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The Grand Larceny of Accu-Weather

We’ve seen plenty of bold and brazen corporate thievery in recent years. “Pharma Bro” Martin Shkreli upped the price of life-saving medicine 5000% because he could; he’s now serving years in the pen for securities fraud. There was the Enron bunch, led by Jeff Skilling, who created blackouts in San Francisco and the west coast in the early 2000s by manipulating the temporarily de-regulated California electric market. The traders were caught on tape laughing about stealing money from the “poor grandmothers.” Such a grand level of avarice is hard to stomach, but one that tops them all must be Barry Myers. Because Myers has been trying to steal the weather.

There’s a backstory, of course. A grain of legitimacy, a swirl of political intrigue, a schadenfreude twist of fate, and a who-knows-what-happens-next part to this tale. The most important question to me is exactly which circle of hell Myers will end up in, the one where his shade is bitten by snakes or the one where he is thrown into the lake of boiling pitch?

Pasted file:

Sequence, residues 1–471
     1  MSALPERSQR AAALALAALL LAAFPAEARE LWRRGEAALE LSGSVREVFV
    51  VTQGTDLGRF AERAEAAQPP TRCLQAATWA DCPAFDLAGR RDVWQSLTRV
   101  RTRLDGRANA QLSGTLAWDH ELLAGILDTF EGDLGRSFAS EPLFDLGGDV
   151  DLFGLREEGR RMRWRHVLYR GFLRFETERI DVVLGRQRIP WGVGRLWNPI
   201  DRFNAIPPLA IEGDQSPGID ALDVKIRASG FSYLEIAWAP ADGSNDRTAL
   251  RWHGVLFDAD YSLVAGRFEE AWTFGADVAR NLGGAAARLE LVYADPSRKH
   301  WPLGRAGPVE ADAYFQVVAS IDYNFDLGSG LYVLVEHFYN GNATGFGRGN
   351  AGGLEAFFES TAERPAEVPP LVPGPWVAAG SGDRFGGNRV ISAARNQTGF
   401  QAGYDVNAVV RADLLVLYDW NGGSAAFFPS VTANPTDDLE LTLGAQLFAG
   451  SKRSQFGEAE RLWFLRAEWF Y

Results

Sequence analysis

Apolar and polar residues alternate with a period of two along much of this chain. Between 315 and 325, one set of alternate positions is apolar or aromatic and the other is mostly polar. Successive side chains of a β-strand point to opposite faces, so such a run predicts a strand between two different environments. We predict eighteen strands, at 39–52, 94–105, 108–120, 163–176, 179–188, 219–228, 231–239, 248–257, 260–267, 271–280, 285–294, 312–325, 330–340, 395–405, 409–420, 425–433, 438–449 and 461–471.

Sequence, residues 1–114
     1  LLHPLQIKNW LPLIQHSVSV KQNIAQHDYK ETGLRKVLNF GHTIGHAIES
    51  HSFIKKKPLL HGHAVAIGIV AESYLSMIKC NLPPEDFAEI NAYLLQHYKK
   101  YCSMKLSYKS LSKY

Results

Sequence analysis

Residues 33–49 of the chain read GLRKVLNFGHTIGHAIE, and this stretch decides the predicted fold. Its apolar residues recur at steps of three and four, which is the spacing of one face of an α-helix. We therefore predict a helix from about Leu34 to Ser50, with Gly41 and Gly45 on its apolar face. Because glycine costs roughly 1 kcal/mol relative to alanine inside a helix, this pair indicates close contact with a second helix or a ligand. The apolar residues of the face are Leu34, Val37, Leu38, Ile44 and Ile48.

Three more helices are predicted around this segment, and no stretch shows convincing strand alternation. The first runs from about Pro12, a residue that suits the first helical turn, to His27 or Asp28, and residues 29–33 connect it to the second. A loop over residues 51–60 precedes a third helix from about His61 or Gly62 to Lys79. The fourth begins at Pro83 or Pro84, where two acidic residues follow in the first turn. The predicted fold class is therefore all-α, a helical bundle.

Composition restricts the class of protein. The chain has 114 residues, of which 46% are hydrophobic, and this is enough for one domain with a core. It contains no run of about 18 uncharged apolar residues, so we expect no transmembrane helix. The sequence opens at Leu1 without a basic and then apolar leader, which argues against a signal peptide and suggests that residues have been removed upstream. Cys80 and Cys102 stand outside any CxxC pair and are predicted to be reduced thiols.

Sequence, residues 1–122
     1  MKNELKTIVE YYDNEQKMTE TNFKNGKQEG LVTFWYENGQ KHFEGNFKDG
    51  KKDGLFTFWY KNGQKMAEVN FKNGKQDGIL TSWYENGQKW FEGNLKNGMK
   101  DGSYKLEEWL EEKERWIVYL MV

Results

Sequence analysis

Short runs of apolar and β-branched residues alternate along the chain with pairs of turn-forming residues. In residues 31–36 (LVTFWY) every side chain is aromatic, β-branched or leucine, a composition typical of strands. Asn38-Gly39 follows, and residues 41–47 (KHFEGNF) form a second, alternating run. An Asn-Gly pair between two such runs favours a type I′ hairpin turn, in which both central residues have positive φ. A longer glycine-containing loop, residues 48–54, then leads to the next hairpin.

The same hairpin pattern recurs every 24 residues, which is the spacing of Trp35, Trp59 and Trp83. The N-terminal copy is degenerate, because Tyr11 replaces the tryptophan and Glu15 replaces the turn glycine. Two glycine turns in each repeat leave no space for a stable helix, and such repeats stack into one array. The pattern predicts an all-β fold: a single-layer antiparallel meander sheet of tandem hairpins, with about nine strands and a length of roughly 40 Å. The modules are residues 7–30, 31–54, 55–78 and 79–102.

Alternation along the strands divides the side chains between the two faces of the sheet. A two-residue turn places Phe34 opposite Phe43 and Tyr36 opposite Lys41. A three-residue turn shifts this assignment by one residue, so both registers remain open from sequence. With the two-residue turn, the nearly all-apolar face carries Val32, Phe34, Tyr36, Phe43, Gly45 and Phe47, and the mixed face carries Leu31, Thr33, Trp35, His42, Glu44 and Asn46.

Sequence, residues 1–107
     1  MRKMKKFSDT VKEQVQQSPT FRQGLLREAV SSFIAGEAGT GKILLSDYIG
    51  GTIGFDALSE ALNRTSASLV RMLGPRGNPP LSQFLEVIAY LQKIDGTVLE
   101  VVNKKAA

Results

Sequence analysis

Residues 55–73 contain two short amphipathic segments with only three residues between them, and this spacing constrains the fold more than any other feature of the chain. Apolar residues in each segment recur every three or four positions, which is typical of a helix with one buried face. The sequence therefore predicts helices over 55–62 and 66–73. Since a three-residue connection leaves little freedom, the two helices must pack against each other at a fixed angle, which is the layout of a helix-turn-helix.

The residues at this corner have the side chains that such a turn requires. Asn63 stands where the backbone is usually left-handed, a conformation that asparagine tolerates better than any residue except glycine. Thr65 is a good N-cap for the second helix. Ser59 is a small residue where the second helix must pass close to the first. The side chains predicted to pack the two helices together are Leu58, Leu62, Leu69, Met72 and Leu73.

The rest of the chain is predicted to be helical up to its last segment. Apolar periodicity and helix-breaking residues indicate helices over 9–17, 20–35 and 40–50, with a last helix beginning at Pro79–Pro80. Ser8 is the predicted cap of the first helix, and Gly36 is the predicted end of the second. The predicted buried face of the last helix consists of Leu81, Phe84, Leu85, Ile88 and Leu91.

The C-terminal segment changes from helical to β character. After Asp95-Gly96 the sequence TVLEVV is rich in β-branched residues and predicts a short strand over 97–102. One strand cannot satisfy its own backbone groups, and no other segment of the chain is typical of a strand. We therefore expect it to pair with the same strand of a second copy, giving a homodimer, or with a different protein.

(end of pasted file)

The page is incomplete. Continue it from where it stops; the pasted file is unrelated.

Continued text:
Thieves in Dante's Hell
Gustave Dore depiction of the section of Dante’s Malbolge circle of Hell specifically for Thieves
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Yes, You Can Drink Cold Water

My yoga teacher told us a few weeks back that we should refrain from drinking cold water, either with meals or at any other time. This led to a pointed rebuke from another long-time student who had an extensive nutritional background, and the merry debate went on until the instructor ended with, “Well, this was what they told me in a physiology class that I’m taking.”

I remembered this exchange reading last week in the NY Times about a study which showed people often cling to ideas which conflict with scientific consensus and common sense. Further, that those who often feel strongest are often the least knowledgeable. Although this seems counterintuitive , almost surreal, we have seen this in action. In fact, this conundrum seems to be one of the most pressing problems of our time, one which, despite the ready availability of good information, persistently leads to the opposite. Case in point: reactions to the Mueller report. Case in point: the recent outbreak of measles, which ought to have been eradicated in the U.S. Case in point: see my post about eating cheese.